Sunday, 19 April 2015

No two zebras are alike

If there's one thing that I've learned from my Ehlers Danlos journey is that no two zebras are alike.  We all different, sometimes VERY different.  So that led me to question why is the advice always the same? We might have the same genetic cause for our symptoms, defective collagen, but how that affects us can range from having joints so loose they are permanently hanging out of their sockets, to muscles working so hard to keep joints in place that they are permanently in spasm.  There are people who can live a relatively normal life and others who suffer life limiting complications.  There is no one size fits all solution, so why do medics always give the same standard advice?

I don't envy the doctors dealing with us zebras.  We have so many complex problems that it's difficult to know where to start, so most don't want to get involved.  Even consultants discharge us back to our GPs because they don't know how to deal with us.

I went to Stanmore's rehabilitation course hoping for some understanding but what I found what the same generalised advice that didn't really fit my experiences or capabilities.  I didn't really learn very much apart from that I'm much sicker than I thought I was.  I thought I could manage and I did manage to a certain extent but by the time I'd got up, washed, been to the restaurant for breakfast and made it to stretch class I was done in, and the day hadn't even started.  And the staff wanted me to do MORE!  I gave it my best shot, buoyed by stories of people arriving in a wheelchair and walking out three weeks later practically cured, but the opposite happen to me.

Pacing will allow you to do more, they said.  A social care package is not the answer to all your problems.  If you can't do all the ironing in one go then iron one shirt at a time.  This would be good advice if getting the ironing board out didn't cause me so much pain that I wouldn't be able to iron a shirt.  They didn't consider how a social care package actually allowed me to pace.

When you're having a flare up don't stay in bed all day, get up, do your physio, pace your activities. For me a flare up is when I can't get out of bed!  The alternative to staying in bed is face planting on the bedroom floor because I haven't got the strength or the energy to walk to the bathroom.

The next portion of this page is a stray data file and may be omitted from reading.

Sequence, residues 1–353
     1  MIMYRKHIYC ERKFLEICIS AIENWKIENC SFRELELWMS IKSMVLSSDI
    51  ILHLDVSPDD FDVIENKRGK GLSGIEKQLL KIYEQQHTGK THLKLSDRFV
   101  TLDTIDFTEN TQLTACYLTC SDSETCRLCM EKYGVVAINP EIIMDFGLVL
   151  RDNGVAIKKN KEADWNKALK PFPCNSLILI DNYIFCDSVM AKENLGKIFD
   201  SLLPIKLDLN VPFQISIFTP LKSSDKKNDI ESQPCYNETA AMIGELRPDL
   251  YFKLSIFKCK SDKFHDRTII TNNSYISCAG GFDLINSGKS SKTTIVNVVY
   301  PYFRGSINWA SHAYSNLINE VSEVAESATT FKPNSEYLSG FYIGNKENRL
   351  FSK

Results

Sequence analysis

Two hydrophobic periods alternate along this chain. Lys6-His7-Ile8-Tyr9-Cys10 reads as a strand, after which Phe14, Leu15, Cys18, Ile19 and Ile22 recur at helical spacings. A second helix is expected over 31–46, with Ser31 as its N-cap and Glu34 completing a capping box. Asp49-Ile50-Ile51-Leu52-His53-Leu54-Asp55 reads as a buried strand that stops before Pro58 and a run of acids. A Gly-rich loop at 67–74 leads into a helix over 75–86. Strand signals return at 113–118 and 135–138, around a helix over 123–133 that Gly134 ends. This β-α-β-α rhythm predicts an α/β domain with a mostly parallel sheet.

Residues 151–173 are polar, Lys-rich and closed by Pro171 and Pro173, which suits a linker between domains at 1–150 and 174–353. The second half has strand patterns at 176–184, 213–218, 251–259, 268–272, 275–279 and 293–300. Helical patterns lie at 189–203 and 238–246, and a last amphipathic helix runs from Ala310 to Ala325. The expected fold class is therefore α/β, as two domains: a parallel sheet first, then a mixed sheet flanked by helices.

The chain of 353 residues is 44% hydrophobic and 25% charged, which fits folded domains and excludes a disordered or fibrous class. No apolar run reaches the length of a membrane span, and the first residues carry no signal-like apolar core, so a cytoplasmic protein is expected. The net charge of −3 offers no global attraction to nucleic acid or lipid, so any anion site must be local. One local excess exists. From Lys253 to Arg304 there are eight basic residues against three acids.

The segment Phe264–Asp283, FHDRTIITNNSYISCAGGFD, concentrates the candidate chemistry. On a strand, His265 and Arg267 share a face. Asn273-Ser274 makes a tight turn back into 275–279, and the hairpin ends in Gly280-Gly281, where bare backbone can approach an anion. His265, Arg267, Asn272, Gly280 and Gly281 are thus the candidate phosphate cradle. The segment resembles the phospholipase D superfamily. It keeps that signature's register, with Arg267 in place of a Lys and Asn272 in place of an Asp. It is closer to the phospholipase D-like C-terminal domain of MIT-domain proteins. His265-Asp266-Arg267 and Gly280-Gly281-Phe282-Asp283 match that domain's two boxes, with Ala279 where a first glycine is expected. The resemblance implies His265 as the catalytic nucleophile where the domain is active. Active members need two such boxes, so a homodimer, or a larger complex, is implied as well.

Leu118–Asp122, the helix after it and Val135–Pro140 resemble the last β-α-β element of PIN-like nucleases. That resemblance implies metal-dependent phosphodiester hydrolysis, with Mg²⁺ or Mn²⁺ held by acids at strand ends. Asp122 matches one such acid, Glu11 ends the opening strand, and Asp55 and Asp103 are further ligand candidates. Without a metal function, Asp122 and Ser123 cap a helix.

Do pilates, it's good for you.  Done that, made me worse.  It was really cool but holding pilates poses when you have muscle spasms makes you have more muscle spasms.  After three one to one sessions I was in severe pain for three months.  Not exactly a solution.  What about tai chi?  For someone with POTS who can't stand without walking aids?  It's something I've always wanted to try but my shoulder is so unstable it goes clunk just drinking a cup of tea.

If you think physio is going to make you worse then that's called catastrophising, according to the rehab handbook.  It's negative thinking that you need to change.  Really?  So if you think that hitting your thumb with a hammer is going to hurt you need to change your negative thinking?  Will that stop it hurting?  Hmm, perhaps it doesn't always work like that.

Chronic pain is not caused by physical injury. Any injury will have healed after a few weeks so it's down to faulty pain signals or an illusion because you're overreacting to those signals, like the Lorimer Moseley video.  So when I sprain my ankle and it still hurts three months later is it because of 'chronic pain', my nerves sending out the wrong signals that the brain interprets as pain, or is it because my ligaments are too loose and I spray my ankle almost every day so it never actually healed?  To me that makes a whole lot more sense because I don't overreact to pain and I'm not afraid to move because of the pain.  Doing stuff just makes me hurt more. I need to find a way of moving that doesn't hurt instead of being told it's all in my head.

I told the Stanmore team that being in a swimming pool triggered severe symptoms but it was mandatory to have a pool session.  I love the water and I trusted the staff so I went in the pool, I spent a few minutes in the water and it triggered a severe flare of symptoms.  I was frustrated that I had to make myself ill to make them believe what I said was true and not just 'negative thinking'.  I was even more frustrated when the flare up became so severe that I had to leave the course half way through.  I felt like I had failed but on reflection it was the team who had failed me.

I have EDS, I know these things help some people with EDS but unfortunately they don't help me.  I need something different but there isn't anything different.

Something has to change.

I have tried to do things their way but I didn't fit their solutions so now it's up to me to find solutions that fit me.  I know I'm not the only one, like I said, we're all different but it would be good if the medics started to listen to the patients rather than just handing out standard advice due to the name of their condition.  Research needs to be done into why we feel pain so we can learn what to do about it rather than just expecting everyone to do physiol, take painkillers and learn to live with it.

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